Apache Corporation has identified over 50 prospects on Block 58 offshore Suriname where it has made the first deepwater discovery in the South American country in an area that runs parallel to ExxonMobil’s prolific Stabroek Block offshore Guyana.
The Maka Central-1 well successfully tested for the presence of hydrocarbons in multiple stacked targets in the upper Cretaceous-aged Campanian and Santonian intervals and encountered both oil and gas condensate.
“There’s a lot to get excited about,” says Tom Ellacott, Senior Vice President at WoodMac, speaking on a recent podcast. “Apache has identified over 50 prospects on this one block alone. There are two additional wells coming up and so we’ll obviously be watching those very closely and also Total farmed into the acreage at the end of last year.”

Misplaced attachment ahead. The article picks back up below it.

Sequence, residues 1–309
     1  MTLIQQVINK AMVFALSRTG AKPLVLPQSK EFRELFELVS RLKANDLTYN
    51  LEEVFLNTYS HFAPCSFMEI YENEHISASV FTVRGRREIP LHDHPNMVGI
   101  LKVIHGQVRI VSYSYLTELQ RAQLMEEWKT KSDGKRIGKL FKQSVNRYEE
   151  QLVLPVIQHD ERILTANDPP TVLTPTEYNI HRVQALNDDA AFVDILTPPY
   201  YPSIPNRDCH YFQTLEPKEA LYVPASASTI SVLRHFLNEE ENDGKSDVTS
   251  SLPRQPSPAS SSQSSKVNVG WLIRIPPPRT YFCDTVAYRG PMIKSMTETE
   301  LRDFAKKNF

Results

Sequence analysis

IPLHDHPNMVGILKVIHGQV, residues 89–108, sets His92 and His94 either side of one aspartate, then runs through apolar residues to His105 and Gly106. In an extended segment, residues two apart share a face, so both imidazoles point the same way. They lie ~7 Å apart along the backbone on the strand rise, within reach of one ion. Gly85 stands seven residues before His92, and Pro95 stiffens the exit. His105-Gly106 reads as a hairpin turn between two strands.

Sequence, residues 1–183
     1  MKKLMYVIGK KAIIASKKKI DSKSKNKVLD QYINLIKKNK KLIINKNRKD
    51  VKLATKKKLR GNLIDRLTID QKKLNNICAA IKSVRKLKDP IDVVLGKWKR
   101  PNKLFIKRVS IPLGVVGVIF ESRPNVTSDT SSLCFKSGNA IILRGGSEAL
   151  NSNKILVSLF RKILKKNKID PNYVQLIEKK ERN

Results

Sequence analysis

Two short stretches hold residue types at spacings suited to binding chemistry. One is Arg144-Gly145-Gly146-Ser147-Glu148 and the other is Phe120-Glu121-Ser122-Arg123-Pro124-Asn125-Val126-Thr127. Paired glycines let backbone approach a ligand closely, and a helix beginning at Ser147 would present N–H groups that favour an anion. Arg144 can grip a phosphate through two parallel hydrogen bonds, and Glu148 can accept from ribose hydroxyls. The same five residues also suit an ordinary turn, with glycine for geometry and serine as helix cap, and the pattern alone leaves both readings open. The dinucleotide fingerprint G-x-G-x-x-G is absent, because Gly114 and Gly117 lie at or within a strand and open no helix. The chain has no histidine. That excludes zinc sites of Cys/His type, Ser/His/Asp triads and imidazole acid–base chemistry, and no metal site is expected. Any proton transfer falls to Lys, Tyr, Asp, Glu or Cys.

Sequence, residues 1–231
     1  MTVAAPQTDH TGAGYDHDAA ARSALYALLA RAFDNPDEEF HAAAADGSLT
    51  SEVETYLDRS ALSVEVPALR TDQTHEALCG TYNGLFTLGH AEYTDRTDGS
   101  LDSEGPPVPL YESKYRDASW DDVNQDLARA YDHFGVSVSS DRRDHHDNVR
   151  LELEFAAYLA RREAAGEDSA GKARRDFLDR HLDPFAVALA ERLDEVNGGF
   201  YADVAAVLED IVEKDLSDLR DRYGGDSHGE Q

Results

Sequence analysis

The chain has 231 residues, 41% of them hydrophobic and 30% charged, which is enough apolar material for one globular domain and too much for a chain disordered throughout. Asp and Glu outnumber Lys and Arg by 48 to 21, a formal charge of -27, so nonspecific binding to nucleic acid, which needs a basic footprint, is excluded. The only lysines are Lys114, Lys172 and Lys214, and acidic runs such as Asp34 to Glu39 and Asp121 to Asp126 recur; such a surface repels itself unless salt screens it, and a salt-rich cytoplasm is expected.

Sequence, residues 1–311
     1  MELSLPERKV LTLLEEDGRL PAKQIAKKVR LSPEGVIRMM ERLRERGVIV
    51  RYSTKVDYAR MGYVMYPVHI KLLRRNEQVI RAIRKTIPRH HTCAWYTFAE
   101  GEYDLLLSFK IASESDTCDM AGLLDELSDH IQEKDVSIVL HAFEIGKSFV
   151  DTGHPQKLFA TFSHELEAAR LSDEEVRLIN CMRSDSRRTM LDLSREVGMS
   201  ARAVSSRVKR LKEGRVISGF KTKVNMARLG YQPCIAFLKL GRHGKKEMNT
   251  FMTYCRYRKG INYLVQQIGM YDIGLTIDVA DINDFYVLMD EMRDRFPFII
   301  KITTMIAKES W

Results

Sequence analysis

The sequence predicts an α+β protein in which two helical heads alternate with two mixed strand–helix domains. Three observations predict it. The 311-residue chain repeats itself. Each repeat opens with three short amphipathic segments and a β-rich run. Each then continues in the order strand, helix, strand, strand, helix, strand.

French oil company Total (TOTF.PA) said in December that it would pay a bonus of $100 million as part of its previously announced deal with U.S. peer Apache (APA.N) to develop Block 58. Under the terms of the agreement, Apache and Total each hold a 50% working interest in Block 58, which comprises approximately 1.4 million acres in water depths ranging from less than 100 m to more than 2,100 m. Apache will operate the first three exploration wells in the block, including the Maka Central-1 well, and subsequently transfer operatorship to Total.
WoodMac has said that based on its estimate the Maka Central-1 discovery could contain hundreds of millions of barrels of oil and over a trillion cubic feet of gas, making it a significant find that could place Suriname next in line for an oil boom.